Figure 5A and B showed that the expression of iNOS protein was increased by 3.9-fold in the K-14D group, and 8.0-fold in the K-28D group as compared with the control. Similarly, the expression of eNOS protein was increased by 3.0-fold in 14 days and 9.8-fold in 28 days following ketamine administration, respectively (Fig. 5C). In contrast, there was no significant difference in the expression of nNOS between the control and the ketamine-treated rats (Fig. 5D).
Ketamine treatment significantly increased micturition frequency and non-voiding contractions, while it decreased bladder capacity. Ketamine also enhanced bladder interstitial fibrosis, submucosal hemorrhage, and macrophages infiltration, but decreased urothelium thickness. At the protein level, ketamine induced over-expressions of iNOS, eNOS, and COX-2. In the early stage of ketamine cystitis, immunofluorescence studies revealed that COX-2 was mainly synthesized by macrophage. However, at the later phase of ketamine-induced inflammation, macrophages might produce other cytokines and were not completely co-stained with COX-2.
COX-2 enzyme is an inflammatory early response gene, which becomes active in response to the presence of pro-inflammatory cytokines and growth factors. It has been suggested that COX-2 is the key mediator following the induction of cyclophosphamide-induced cystitis. A number of studies have demonstrated the role of COX-2 in bladder overactivity associated with inflammation and/or hypertrophy.[7, 10] An important role of COX-2 in altering micturition patterns has been reported. Although COX-2 has little or no direct pro-inflammatory effects, the products of COX-2, prostaglandins, had strong inflammatory effects. In sensory neuron culture and chemical-induced cystitis, PG-E2 could induce sensitization of sensory neurons, revealing an important role of COX-2 and PGs in altered micturition patterns. Treatment with COX-2 inhibitor was found to ameliorate ifosfamide-induced bladder damages and alter micturition overactivity. In the present results, COX-2 expression increased to ninefold of the control level after 28 days ketamine treatment. This prominent overexpression of COX-2 might suggest that COX-2 or its downstream product (PG) have an important effect on altering micturition patterns and bladder interstitial fibrosis in ketamine-induced cystitis.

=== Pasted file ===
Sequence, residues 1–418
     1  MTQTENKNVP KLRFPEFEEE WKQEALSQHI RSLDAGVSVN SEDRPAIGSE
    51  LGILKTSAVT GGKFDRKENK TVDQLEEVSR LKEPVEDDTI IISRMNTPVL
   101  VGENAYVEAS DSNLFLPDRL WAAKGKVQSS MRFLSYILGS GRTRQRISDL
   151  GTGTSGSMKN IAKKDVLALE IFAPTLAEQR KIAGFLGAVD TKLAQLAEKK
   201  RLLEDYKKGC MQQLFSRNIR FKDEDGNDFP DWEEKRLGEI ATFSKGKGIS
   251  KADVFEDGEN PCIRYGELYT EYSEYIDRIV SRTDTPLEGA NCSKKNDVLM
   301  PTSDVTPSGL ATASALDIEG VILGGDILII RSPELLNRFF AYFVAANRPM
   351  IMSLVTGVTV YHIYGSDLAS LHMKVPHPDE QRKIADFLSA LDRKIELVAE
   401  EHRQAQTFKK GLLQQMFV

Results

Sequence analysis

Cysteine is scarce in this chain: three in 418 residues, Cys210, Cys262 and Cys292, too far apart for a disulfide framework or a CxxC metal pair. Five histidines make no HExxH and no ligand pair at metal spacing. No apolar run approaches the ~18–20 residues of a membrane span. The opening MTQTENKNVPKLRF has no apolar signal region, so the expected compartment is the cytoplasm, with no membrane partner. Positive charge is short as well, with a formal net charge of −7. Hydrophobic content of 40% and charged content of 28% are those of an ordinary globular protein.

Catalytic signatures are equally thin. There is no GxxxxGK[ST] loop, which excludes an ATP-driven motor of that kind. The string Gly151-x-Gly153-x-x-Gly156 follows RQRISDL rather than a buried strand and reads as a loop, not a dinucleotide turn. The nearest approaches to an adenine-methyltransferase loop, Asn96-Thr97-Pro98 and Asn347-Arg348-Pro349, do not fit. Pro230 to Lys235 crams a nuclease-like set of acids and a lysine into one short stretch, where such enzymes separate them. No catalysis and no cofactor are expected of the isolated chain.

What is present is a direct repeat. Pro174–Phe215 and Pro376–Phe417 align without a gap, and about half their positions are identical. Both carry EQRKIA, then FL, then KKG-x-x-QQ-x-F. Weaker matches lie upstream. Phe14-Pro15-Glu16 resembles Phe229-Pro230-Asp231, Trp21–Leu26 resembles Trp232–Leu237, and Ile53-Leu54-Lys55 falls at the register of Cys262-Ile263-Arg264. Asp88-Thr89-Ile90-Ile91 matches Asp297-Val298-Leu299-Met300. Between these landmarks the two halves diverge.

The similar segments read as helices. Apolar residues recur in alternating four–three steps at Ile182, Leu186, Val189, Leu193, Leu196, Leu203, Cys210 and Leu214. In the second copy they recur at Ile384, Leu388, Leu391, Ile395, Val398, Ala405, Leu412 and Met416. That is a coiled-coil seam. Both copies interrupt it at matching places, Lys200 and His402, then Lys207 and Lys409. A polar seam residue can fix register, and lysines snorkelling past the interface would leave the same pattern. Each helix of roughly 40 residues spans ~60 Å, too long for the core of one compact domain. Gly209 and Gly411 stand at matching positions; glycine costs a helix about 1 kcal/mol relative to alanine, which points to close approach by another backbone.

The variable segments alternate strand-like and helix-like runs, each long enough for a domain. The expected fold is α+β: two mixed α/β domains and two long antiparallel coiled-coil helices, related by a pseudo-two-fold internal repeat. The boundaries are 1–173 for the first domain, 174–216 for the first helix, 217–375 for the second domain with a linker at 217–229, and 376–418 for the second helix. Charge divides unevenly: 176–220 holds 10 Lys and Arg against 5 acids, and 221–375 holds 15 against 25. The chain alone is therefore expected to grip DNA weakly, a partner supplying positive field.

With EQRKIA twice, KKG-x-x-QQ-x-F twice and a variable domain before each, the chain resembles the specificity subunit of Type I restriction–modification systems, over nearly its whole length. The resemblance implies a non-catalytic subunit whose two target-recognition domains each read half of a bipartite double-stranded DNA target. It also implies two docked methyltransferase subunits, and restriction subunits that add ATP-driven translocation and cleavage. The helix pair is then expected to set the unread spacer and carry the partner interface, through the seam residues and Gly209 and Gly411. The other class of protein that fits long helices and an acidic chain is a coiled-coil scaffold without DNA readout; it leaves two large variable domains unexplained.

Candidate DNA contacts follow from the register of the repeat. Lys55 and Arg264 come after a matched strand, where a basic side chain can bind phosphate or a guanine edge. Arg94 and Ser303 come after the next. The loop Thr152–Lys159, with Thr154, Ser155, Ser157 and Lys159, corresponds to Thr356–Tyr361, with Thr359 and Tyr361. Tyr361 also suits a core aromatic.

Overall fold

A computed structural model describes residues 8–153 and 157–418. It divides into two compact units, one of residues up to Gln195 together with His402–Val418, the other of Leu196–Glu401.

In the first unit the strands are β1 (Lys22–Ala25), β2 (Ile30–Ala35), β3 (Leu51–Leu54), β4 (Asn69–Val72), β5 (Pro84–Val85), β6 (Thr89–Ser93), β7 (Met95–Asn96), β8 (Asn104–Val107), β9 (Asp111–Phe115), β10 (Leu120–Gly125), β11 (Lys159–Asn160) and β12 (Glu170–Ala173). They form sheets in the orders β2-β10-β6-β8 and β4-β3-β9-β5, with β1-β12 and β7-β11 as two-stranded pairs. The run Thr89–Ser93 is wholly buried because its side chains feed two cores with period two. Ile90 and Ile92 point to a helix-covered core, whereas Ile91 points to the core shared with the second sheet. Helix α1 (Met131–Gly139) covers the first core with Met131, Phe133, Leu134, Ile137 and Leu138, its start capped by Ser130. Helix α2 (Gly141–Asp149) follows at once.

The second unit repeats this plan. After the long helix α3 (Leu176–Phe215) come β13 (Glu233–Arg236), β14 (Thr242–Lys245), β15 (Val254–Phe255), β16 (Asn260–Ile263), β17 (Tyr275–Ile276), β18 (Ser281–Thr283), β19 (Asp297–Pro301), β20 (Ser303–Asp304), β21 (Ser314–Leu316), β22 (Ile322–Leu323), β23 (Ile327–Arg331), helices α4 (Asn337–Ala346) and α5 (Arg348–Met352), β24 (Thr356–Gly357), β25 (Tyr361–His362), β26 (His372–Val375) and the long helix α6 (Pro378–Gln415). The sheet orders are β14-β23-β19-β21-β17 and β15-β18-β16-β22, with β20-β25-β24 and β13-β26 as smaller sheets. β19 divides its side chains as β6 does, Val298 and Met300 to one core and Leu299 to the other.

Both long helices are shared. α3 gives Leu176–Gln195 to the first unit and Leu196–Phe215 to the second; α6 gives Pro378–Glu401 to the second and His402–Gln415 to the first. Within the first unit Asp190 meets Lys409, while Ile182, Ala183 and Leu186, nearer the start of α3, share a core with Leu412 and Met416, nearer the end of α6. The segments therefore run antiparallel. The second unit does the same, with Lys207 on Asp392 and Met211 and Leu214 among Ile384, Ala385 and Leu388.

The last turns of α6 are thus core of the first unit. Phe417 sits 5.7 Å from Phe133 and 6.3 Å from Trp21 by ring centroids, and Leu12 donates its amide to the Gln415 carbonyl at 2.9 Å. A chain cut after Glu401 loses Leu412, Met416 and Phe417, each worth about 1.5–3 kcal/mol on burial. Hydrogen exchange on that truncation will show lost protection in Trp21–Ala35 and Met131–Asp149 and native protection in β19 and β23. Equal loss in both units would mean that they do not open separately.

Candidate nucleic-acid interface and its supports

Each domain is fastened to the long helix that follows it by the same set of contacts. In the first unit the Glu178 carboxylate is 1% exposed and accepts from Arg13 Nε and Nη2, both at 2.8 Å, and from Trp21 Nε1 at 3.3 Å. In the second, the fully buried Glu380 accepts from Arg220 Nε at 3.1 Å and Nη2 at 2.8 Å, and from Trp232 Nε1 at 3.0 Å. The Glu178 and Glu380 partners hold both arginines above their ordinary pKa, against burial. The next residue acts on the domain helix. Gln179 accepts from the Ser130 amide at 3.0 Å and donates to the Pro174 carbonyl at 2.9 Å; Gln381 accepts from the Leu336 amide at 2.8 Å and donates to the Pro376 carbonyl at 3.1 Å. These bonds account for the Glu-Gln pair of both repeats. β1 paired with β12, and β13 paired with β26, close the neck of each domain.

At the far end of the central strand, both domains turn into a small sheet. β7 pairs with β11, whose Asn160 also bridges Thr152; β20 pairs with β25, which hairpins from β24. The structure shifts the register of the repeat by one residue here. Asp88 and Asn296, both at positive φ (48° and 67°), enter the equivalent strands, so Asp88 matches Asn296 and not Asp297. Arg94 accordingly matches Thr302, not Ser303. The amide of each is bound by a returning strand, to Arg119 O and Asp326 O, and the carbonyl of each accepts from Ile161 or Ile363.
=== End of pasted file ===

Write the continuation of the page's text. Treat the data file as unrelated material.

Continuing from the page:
Macrophages play a central role in inflammation induction and regulation of the immune response. There was an increase in macrophages infiltration of the bladder tissues after ketamine treatment. The present study also showed that COX-2 expression was observed mainly within the bundles of DSM in rats treated with ketamine. In the early stage of inflammation, the percentages of ED-1 positive cells double-labeled with COX-2 were as high as 97%, showing that COX-2 was synthesized mainly by macrophages. However, at the late stage of ketamine-induced inflammation, macrophages were not completely co-stained with COX-2, demonstrating that activated macrophages might produce other cytokines. Further experiments in the future is required in order to understand the relevance of COX-2 overexpression in relation to macrophage activation.